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Opinion

Opportunities abroad tease the financially handicapped

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September 18, 2008

It has begun. The pencils have been sharpened, the notebooks cracked open, the backpacks unzipped. The Term has started. With the opening of the classroom doors comes the imminent change in the season. The weather begins to show its brumal face. The air’s sudden frigidity suggests a brief autumn and an early winter. My toes, ears, nose and chin impulsively cringe. My pilfered desk is already covered in projects, homework assignments and bills. Lists hang from my bulletin board and peek from between the pages of notebooks. Paper hydras, each item waits to be tackled, only to reincarnate twofold. I am starting to fall into patterns and routines. This semester will be like so many past. This campus will soon be covered in my footprints. My butt will familiarize itself with whichever classroom chair receives it warmly, and my eyes will begin to glaze over.

For me, the start of the semester signals a typical encroaching monotony and seasonal lethargy. I am bound here in River Falls. Every winter is a game in which I see how long I can quell the inevitable restlessness that sets in with the start of semester. I am no stranger to restlessness. I am a wanderer. I hate being bogged down in one place or stuck in a familiar rut. Travel has always been a passion of mine and being shut up in one place for too long is agony. This is made worse here because, not only am I grounded in one place, but I have been repeating the same routine in this same place for the past three years.

My one break from this tedious cycle was the semester I spent abroad. Spring of 2007 was my release. I impetuously decided to ìfly the coopî and participate in the International Traveling Classroom program. I spent the semester prior to my departure planning for my trip and trying not to pee my pants every morning I woke up to tick off another day on the calendar. It was a struggle, but entirely worth it. The best semester of my college life has been spent away from these brick walls and small town streets and out in the world. I have always had an infatuation for adventure. Seeing new places is my high. Being able to experience this passion for a good amount of time was exuberating. I am, at heart, both an academic and a nature lover. Europe catered to both of these characteristics. My days were spend avidly scampering across every bit of foreign ground I could get under my feet and debating whether setting off the security alarm and being tackled by six burly Englishmen was worth actually having touched the Rosetta Stone. I refrained; a decision I think was best, in the end. I was able to swim in an icy Aegean Sea, wander Venetian canals, climb Swiss alps, form new friendships, ogle famous works of art, butcher the German language and overcome my Dante’s Peak-induced fear of volcano eruptions by successfully walking on one without vomiting all over my classmates. The trip was probably the single most enlightening experience of my life.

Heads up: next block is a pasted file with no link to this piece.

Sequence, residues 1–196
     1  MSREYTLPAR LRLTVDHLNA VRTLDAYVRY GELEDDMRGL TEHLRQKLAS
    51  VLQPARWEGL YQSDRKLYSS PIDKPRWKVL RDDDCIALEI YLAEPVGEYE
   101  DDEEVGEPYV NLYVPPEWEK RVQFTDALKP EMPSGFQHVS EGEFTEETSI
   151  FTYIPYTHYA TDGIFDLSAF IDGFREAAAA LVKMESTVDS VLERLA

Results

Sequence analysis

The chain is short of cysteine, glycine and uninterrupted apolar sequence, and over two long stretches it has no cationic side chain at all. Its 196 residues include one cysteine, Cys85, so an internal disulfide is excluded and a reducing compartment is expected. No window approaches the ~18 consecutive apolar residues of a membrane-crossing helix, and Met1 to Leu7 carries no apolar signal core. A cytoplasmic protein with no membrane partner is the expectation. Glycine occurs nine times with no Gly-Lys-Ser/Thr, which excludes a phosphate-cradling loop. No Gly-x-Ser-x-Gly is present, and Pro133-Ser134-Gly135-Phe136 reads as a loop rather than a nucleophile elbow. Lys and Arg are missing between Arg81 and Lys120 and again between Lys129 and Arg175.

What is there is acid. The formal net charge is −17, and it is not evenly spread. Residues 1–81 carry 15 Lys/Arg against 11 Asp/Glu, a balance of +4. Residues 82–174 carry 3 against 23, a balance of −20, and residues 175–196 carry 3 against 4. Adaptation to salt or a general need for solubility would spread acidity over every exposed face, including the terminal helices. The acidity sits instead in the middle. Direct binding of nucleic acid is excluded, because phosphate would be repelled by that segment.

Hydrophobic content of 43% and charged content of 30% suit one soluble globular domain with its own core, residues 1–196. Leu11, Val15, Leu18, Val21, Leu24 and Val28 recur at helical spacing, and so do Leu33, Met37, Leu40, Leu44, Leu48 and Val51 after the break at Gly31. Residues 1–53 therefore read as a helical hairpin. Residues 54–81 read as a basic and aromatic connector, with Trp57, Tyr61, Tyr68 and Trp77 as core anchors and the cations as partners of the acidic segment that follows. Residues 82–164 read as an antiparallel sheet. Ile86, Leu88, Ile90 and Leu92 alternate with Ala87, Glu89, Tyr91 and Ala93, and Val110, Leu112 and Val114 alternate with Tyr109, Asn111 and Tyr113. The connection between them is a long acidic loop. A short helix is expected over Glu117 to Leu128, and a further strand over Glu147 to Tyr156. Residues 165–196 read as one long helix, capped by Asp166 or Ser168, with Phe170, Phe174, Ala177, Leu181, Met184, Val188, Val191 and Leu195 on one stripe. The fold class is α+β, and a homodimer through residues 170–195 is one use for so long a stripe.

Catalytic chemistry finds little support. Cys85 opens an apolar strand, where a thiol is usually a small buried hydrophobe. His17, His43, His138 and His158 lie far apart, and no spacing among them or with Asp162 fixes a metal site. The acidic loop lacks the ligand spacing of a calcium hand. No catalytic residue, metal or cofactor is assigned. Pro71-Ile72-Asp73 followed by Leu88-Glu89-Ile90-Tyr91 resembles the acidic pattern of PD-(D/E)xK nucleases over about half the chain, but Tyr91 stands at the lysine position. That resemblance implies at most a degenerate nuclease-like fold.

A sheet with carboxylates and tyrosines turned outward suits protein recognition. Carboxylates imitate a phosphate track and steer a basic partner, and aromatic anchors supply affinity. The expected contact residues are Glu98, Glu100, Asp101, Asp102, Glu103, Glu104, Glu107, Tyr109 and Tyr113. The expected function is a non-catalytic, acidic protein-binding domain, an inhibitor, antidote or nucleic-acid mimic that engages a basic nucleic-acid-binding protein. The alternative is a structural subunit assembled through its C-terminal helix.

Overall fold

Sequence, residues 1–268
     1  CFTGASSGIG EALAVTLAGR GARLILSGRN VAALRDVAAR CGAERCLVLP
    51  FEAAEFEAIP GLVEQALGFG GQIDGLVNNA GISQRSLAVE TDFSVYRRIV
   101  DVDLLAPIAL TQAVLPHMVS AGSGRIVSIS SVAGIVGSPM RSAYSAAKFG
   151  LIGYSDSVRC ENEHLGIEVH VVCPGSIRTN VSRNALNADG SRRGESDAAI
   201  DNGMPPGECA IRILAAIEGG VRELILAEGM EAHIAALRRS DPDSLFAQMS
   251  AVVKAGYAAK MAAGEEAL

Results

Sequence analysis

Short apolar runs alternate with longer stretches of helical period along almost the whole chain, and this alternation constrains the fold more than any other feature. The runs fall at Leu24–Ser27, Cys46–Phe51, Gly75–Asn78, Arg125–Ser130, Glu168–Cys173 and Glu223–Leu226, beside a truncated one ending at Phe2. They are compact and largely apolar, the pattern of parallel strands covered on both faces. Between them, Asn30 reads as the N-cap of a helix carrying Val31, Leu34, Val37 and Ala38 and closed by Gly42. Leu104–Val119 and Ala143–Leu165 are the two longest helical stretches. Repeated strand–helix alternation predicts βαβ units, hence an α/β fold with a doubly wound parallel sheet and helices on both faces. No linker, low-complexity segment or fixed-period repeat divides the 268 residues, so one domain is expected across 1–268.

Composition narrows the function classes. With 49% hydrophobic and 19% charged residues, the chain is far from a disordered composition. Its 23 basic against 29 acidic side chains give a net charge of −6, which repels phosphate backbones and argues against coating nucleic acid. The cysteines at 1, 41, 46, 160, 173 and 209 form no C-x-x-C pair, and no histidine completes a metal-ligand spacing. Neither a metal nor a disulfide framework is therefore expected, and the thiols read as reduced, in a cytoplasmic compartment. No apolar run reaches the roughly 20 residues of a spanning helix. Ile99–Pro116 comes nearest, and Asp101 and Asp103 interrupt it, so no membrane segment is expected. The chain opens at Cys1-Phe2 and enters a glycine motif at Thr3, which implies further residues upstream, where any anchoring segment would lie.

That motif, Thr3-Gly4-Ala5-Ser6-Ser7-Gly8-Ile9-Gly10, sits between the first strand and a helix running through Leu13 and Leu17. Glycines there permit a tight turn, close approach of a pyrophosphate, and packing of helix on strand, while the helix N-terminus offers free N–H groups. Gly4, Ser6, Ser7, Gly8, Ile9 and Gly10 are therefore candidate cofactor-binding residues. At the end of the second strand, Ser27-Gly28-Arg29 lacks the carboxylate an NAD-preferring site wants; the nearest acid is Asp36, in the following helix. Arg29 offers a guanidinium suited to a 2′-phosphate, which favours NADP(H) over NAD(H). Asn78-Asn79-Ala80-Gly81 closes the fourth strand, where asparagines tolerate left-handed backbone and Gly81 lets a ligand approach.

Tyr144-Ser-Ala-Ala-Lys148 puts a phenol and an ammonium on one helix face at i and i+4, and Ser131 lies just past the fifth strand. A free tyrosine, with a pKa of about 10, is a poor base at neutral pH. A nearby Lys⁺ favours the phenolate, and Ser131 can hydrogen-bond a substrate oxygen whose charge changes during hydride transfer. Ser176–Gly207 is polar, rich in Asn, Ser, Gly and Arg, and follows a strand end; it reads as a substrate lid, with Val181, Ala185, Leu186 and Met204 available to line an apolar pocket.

As a direct result of this amazing experience, my enthusiasm for travel and adventure has since morphed into a rather fervent obsession. My yearning to explore new places is now constantly burning the back portion of my brain, which is possibly why I am still atrocious at mathematics. Now that the semester has begun and my brain is preparing to shift into its academic, and likely more dormant, phase, I am being teased by flyers and announcements about study abroad opportunities offered over J-term, spring break and next semester. However titillating I might find this initially, in the end I am beaten back by the logical center in my brain that annoyingly informs me that barely being able to make rent is a bit of a tip off that I am in no financial condition to travel again, regardless of the small amount of aid that I may or may not receive.

I am still determined. If I cannot afford to venture away from the monotony I find in Wisconsin and am forced to brood an entire year in the thirty-year-old scratched plastic of classroom chairs. I will feel out what may be possible once school lets out. I have since spent a very masochistic evening at the meeting for this J-term’s Vietnam trip. I must say, it was akin to having something very delicious dangled in front of me and being forcefully slapped any time I attempted to seize it. 

Masochism and brooding aside, I highly recommend that fellow students do indulge in abroad experiences, so long as they do not taunt me with photos and stories whilst I am stuck here, as friends of mine have done before. I have never heard regrets from people that have studied abroad. It is potentially the best thing that will ever happen to you outside of winning the lottery or growing another set of arms. I know that it has had such an enormous impact on me that I am debating whoring myself unto the next flight to Vietnam. Until then I am to stay here, in blustery Wisconsin, and plaster my walls with photos of places that I will inevitably work up the dollars to visit.

Katie Heimer is double majoring in international studies and history, with a German minor.